I’ve been getting emails from some of you recently asking how I’m doing (thank you). I realize it’s been a minute since I wrote anything up here, and the last post was a bit of a handful.
The last week has been good though. Busy but good.
My hospice doc, Dana, is amazing. She has given us the kind of access you might expect from a close friend, not a doctor. And her knowledge of what happens to the body as it succumbs to disease is profound. The way she examines me, the questions she asks, have been deeper and more intuitive than anything I’ve encountered throughout the process of dealing with this disease. It is clear that she understands things that many docs don’t want to deal with.
When she came to check me out, she reassured me that what I was seeing was not, in fact a tumor.. it was a lymph node that was a bit swollen, but not hard and immovable the way it would be if it had a tumor in it. It was being pushed out most likely by tumor tissue growing in my pelvic bowl BEHIND it. So I am not looking AT a tumor, I am looking at something that a growing tumor has pushed into a different place. A semantic distinction maybe, but a comfort nonetheless.
Sadly, I am SEEING the progression of this disease. With that seeing, I have to admit that I am FEELING the progression as well. I am still on fire. I am still on an amazing creative high. I’m taking tons of photos, and am wildly involved in preparing for next weekend! But my level of pain has gone up a bit. I have been needing more breakthrough pain meds. And I haven’t had quite the same level of energy to push through the day that I did a few weeks ago. (This weekend, in fact, I will be making a switch in baseline medication just to be sure that when the pain gets worse as it is likely to do, I will already be on something that can handle it. That something being methadone! Big guns, gang!)
I wake up early. And I cherish it. But by 4:30 in the afternoon or so, I wish the clock would stop so that I could put on some headphones, listen to Steve Reich, and let it drop me into a DEEP sleep for a few hours, and then wake up without the TIME having passed, so that I could get up and keep rolling! Doesn’t work that way sadly. The clock keeps rolling whether you’re busy or on your back.
In just a week, the hand built bike show will be happening out in Brooklyn. That’s sort of the next big horizon. I’m working on a display. I’ll be showing three bikes. I’m going to resurrect the Assless.. it will be there! For you to see in person. The build that made its way from the Assless to the Hardass will go BACK to where it belongs and the Hardass will get a brand new build, so that it can be at the show as well. I am considering auctioning off the Assless.
Ok. Maybe I need to back up. INTERLUDE
All along the idea has been that the UTA (the Ultimate Tight Ass.. Ass bike #3 in this little series, which of course will ALSO be at the show) would be auctioned off when I am no longer able to ride it, and that the money would go to “cancer.” It was never clear where exactly that would be. I had been thinking cancer research in some way. But as I spoke with people and did a little research, I simply couldn’t land on anything where it felt as though the money would make much difference. It would be a little drop in a bucket by the time it got to the people actually doing the science.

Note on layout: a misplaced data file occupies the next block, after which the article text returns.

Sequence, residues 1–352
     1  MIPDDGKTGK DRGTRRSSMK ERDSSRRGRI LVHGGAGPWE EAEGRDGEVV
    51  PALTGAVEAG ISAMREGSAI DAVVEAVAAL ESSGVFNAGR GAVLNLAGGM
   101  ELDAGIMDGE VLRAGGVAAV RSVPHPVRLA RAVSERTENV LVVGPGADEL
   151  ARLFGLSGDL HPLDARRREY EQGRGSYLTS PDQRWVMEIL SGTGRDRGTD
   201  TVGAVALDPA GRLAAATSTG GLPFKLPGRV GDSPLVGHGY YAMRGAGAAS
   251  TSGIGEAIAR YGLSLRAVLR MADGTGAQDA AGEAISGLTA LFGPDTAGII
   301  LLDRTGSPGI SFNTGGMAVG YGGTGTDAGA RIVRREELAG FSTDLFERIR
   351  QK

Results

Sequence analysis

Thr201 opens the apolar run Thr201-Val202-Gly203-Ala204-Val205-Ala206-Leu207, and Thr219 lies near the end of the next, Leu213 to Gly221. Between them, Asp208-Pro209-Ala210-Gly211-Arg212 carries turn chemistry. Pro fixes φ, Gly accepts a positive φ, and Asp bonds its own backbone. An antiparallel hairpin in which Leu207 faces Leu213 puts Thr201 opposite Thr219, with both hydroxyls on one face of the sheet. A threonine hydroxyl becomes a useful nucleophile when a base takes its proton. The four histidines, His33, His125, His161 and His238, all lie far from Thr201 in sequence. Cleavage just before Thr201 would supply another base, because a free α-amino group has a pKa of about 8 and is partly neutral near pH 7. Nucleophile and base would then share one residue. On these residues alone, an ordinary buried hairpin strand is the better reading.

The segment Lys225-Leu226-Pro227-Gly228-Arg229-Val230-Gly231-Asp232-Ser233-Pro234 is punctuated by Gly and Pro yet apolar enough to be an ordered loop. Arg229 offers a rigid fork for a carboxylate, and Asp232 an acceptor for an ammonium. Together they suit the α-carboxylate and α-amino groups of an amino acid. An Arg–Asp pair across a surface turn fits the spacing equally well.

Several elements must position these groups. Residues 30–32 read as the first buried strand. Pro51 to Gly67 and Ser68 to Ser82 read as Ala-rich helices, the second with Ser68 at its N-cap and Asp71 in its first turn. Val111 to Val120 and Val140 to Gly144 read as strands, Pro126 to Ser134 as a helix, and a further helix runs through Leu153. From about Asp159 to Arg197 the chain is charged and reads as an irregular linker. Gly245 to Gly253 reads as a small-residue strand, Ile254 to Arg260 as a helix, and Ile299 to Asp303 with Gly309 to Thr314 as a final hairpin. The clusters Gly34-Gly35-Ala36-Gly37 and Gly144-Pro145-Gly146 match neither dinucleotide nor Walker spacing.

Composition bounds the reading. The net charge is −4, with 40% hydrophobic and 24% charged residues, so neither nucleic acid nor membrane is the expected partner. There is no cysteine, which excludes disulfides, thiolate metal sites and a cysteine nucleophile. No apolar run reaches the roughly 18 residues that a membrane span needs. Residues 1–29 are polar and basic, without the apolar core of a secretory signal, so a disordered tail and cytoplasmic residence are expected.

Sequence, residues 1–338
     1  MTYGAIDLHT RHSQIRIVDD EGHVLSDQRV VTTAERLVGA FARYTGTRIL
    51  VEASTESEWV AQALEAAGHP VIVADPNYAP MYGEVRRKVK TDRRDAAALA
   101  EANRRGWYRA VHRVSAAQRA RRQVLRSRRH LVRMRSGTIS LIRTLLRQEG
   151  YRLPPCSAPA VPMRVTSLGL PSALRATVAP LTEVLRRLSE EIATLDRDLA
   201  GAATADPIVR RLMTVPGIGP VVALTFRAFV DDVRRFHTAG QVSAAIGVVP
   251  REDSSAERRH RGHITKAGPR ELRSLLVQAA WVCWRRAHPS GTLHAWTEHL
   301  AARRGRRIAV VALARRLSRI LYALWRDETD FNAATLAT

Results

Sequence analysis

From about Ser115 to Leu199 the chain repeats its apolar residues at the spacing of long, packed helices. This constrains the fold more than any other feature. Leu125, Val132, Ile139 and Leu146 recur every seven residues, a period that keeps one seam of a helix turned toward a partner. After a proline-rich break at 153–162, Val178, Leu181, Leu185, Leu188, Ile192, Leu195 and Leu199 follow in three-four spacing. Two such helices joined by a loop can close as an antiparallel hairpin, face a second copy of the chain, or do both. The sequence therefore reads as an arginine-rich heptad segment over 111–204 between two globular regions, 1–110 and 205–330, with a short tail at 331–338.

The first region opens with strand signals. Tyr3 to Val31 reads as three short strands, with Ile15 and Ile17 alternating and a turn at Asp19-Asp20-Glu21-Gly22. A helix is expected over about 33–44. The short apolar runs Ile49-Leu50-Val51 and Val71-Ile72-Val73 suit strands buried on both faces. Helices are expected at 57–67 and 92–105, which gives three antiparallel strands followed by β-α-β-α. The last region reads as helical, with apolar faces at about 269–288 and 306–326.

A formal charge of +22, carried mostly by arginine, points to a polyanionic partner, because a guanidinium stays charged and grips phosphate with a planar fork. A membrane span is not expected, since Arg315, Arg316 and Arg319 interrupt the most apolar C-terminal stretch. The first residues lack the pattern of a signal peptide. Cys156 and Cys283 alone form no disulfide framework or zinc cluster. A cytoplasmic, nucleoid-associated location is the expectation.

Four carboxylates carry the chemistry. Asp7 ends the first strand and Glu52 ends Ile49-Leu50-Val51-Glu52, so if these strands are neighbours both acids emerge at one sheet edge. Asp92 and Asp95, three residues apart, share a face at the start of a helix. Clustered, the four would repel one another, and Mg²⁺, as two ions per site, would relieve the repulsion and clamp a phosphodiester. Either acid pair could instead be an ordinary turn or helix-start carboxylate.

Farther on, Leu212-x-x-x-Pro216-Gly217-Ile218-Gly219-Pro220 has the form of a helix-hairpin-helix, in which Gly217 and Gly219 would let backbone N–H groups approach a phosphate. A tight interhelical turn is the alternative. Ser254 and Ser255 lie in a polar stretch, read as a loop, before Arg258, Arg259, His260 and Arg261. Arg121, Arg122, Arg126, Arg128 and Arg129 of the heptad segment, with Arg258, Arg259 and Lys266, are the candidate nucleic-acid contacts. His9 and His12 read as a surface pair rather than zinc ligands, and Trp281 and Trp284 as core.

Since my sudden emergency stay in the hospital a few months ago, my thoughts on this whole matter have shifted and clarified. I was introduced at that point to palliative care in general, and hospice care in particular. For those of you who don’t know what that is.. many don’t, palliative care is a model that focuses first and foremost on the patient’s immediate quality of life. Now, as a philosophy of care, this seems to me like a bit of a no brainer. I mean, shouldn’t that be the goal of medicine all the time? It isn’t, though. Even illnesses that are acknowledged to be terminal, in all likelihood, tend to be treated aggressively with a focus on extending life. This aggressive treatment often happens in a way that accepts a great deal of pain and suffering on the part of the patient as a necessary cost for a potentially “better” outcome. The goals really are quite different. Palliative care assumes that, especially if your condition is terminal, the focus should be on staying pain free and energetic for whatever time you have.
Not all doctors take the aggressive route. Nine months ago, when I told my oncologist that we had decided not to pursue further treatment, he said, “Okay That’s fine.” He was happy to keep following me and from there on out, he more or less took his cues from me on prescribing the meds that I needed to stay comfortable. It was a relief not to be under pressure to do chemo. But in retrospect, I realize that he brought no real expertise to the table in terms of pain or fatigue management. It wasn’t until April that he finally suggested that I might like to talk to a palliative care specialist.